That said, the finished game still brims with inventive ideas on a structural level. The story breaks along multiple paths with different protagonists and locations depending on decisions made in dialogue; the set event randomization of the original game, which had to be specifically triggered and could eventually be avoided almost altogether, evolved by adding a timer-based system to the random chase events. There’s also a plethora of endings and weird deaths, though the conditions for getting them are sometimes irritatingly fussy.
While it might not necessarily be scary (although to be fair, I sure thought it was as a high schooler), the transition to 3D brought along with it a magnificent bouquet of accidental hilarity. Was the inside of a fish tank really the most cunning place you could wait for the player to walk into the room, Scissorman? Why can you be thwarted by a blanket even though an entire clip of bullets does nothing? WHY ARE YOU SITTING IN THAT ROOM WATCHING CARTOONS? The stilted 90s voice acting is honestly the cherry on top of an endearingly ambitious mess. It had a somewhat limited run in the United States, making it yet another lost horror gem.
The spinoff game Struggle Within/Ghosthead, meanwhile, had all of the flaws of the previous game and none of its charms. Rather than drawing on spooky European mansions, Struggle Within is set in Japan (which is as thinly papered over in the localization as Brock’s “donuts” in Pokémon) and painfully confused about the kind of story it wants to be. Is it about its teenaged heroine Alyssa’s struggle with a “dark personality,” which may or may not be her dead twin possessing her? Is it about a family curse? Is it about a brain-eating bacterium? Why are there zombies? If Alyssa’s relationship with her father is a crux of the story, why isn’t he mentioned until the last act?
A narrative shambles isn’t the worst thing a horror game can be, but Struggle Within also has bland, grey level design and vanishingly few places to evade pursuers, turning tense encounters into tedious backtracking sessions. The multiple endings also often boil down to making a yes or no dialogue choice or a minor decision in the game’s first scenario that, for no apparent reason, results in a bad ending later. It is the Jason Takes Manhattan of video games, and woe betide any poor soul paying its currently $300 asking price on eBay.
Dead and Risen (…and Dead Again)
And then…there was Clock Tower 3. Developed by Capcom rather than Human, it feels more like the lesser counterpart to Haunting Ground than the preceding games. Easily the most widely distributed in the series, it drew controversy over an early cutscene that involved the bludgeoning of a young girl, which was amplified by the game’s then-impressive visuals. Mostly, the game’s review scores were middling-to-positive, and the fact that it allegedly (like Haunting Ground) drew elements from unused ideas for Resident Evil 4.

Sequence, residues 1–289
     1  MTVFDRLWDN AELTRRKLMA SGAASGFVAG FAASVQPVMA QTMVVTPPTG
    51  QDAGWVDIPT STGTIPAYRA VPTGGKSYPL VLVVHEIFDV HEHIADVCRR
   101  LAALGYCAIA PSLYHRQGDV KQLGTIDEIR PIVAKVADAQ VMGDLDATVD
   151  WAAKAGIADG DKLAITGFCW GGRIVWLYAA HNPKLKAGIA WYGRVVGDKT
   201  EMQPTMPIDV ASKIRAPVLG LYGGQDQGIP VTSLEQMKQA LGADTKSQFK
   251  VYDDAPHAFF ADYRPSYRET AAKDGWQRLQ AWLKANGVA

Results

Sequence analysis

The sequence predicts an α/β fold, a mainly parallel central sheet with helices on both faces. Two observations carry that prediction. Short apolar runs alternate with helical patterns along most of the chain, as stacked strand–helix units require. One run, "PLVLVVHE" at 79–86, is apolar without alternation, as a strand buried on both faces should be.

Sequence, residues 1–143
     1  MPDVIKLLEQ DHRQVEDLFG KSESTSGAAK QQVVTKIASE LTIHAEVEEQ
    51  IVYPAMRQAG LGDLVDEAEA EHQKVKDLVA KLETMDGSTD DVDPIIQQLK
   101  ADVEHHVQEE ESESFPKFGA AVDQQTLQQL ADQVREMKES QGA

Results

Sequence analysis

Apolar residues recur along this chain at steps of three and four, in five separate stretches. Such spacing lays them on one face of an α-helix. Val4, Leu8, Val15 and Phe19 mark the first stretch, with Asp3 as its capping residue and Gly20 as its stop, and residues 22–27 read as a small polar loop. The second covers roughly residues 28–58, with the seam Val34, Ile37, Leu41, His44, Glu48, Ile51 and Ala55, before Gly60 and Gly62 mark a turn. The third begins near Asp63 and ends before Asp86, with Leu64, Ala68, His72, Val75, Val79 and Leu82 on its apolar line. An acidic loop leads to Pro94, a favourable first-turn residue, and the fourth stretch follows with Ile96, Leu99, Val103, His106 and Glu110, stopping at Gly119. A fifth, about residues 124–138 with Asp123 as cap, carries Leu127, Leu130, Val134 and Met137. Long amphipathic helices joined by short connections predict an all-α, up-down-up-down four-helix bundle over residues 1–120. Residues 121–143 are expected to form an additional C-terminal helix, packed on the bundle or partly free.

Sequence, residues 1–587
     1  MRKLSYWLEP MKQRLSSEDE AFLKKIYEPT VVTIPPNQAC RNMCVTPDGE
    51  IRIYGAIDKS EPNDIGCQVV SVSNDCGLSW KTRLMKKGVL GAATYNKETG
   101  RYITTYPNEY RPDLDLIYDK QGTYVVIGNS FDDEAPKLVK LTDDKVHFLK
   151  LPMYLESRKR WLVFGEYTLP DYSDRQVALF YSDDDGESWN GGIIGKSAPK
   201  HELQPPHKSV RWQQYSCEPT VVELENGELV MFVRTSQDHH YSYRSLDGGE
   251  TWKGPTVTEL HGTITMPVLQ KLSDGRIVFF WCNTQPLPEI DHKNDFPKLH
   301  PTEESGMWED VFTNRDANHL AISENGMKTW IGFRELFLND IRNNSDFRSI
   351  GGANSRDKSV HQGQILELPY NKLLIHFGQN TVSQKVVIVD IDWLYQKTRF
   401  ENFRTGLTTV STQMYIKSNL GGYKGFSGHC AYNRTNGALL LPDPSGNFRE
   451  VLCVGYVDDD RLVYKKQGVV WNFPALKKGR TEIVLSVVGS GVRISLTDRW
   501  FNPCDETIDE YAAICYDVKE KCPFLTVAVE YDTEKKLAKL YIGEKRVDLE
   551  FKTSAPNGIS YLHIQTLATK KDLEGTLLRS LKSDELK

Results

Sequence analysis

But time has not been kind to Clock Tower 3, whose gameplay concessions left it without the memorable style of the first two games and whose plot was connected by the most tenuous of threads. The base gameplay still involved hiding from stalkers, who were now extremely persistent and also prone to making quips, but it discarded point-and-click for an action setup, and the end of a given level would suddenly throw the player into a magical girl boss battle with dubious archery mechanics. Its final boss is also legendarily difficult, with a one-hit kill move and a lengthy unskippable pre-boss cutscene just as an extra middle finger. To its credit, the FMV cutscenes still look quite lovely in places, and its stunningly over-acted motion capture gives it some charm, but it’s not enough to overcome its annoyances.
The game fell far short of Capcom’s projected sales figures (roughly 122,000 all-time sales out of a projected 450,000), which effectively put the franchise on ice until Hifumi Kono launched a Kickstarter for “Project Scissors” in January 2015. The eventual final product was Nightcry, a very special trainwreck that’s a whole other story. Like many Kickstarter games headed by directors of cult hits, it wound up with more funding than it had planned on and not enough time to execute its vision. The PC launch of the game was riddled with bugs, some of them game-breaking, and the fact that the game was original developed for handhelds is clear in its visuals.
But what it lacks in competency, it makes up for in camp — all of the baffling non-logic found in the PS1 Clock Tower and more. The rushed story isn’t particularly satisfying, but the over-the-top deaths, character actions that bear no resemblance to actual human behavior, and baffling narrative curveballs are all the ingredients needed to nail so-bad-it’s-good. Still, as charming as it is in its own way, the deservedly critical reception once more torpedoed the franchise’s potential despite the indie market being primed at the time for conceptually unique horror, and it seems unlikely that it will get another chance. None of the older games were officially preserved in digital formats, either, making this yet another story about games of notable importance to the medium as an art form deemed unworthy of preservation because of their inability to make money.
A hearty thanks to Genghis Kait and Shawnigan Handshake, whose full-franchise Let’s Play is a lovingly rendered archival of the series and its history and well worth any curious reader’s time.